James Watt, inventor, mechanical engineer and chemist, was born in Greenock in Scotland. His steam engine, an improvement on the Newcomen steam engine, was fundamental to the development of the Industrial Revolution not only in Britain, but across the world.
When he was eighteen, his mother died and his father’s health began to fail and so Watt travelled to London to study instrument-making for a year, then returned to Scotland, settling in Glasgow with the intention of establishing his own instrument-making business. He made and repaired brass reflecting quadrants, parallel rulers, scales, parts for telescopes, and barometers, among other things. However, because he had not served the minimum seven years required as an apprentice, the Glasgow Guild of Hammermen, which had jurisdiction over any artisans using hammers, blocked his application.
It was whilst worked on maintaining and repairing astronomical instruments at the University of Glasgow, which were eventually installed in the Macfarlane Observatory, that three professors, including Joseph Black and Adam Smith, offered Watt the opportunity to set up a workshop within the University.
Watt became interested in steam power whilst working as an instrument maker at the University of Glasgow. He saw that engine designs wasted a great deal of energy by repeatedly cooling and reheating the cylinder. Watt introduced a design enhancement, the separate condenser, which avoided this waste of energy and improved the power, efficiency, and cost-effectiveness of steam engines. Eventually he adapted his engine to produce rotary motion, greatly broadening its use beyond pumping water. It was only when he went into partnership with Matthew Boulton that Watt was able to make his invention commercially viable. Watt’s previous supporter was declared bankrupt and Matthew Boulton, who at this time owned the Soho Foundry works, acquired his patent rights. The Boulton Watt partnership lasted 25 years.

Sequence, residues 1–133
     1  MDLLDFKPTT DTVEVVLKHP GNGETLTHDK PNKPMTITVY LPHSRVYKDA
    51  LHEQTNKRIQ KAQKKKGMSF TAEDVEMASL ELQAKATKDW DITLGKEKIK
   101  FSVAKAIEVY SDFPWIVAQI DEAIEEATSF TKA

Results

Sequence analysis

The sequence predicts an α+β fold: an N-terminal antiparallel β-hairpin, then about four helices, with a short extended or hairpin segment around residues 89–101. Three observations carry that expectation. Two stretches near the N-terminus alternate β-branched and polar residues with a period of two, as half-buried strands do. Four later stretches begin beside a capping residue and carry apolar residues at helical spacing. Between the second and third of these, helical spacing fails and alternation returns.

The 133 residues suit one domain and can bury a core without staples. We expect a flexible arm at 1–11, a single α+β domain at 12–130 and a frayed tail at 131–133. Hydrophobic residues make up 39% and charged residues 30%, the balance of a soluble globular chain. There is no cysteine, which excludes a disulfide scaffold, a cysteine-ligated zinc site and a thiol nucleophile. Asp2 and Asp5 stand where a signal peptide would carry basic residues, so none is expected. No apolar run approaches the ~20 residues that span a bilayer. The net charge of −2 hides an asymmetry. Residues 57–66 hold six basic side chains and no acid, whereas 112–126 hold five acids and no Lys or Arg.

An extension of the patent to 1800 resulted in success and wealth. Watt developed the concept of horsepower and the SI unit of power, the watt, was named after him.
In 1764, Watt married his cousin Margaret (Peggy) Miller, with whom he had five children.
Cornish chemist and inventor, Sir Humphry Davy, said of Watt, “Those who consider James Watt only as a great practical mechanic form a very erroneous idea of his character; he was equally distinguished as a natural philosopher and a chemist, and his inventions demonstrate his profound knowledge of those sciences, and that peculiar characteristic of genius, the union of them for practical application”.
He died at his home aged 83. He was buried in the graveyard of St Mary’s Church, Handsworth. The church has since been extended and his grave is now inside the church.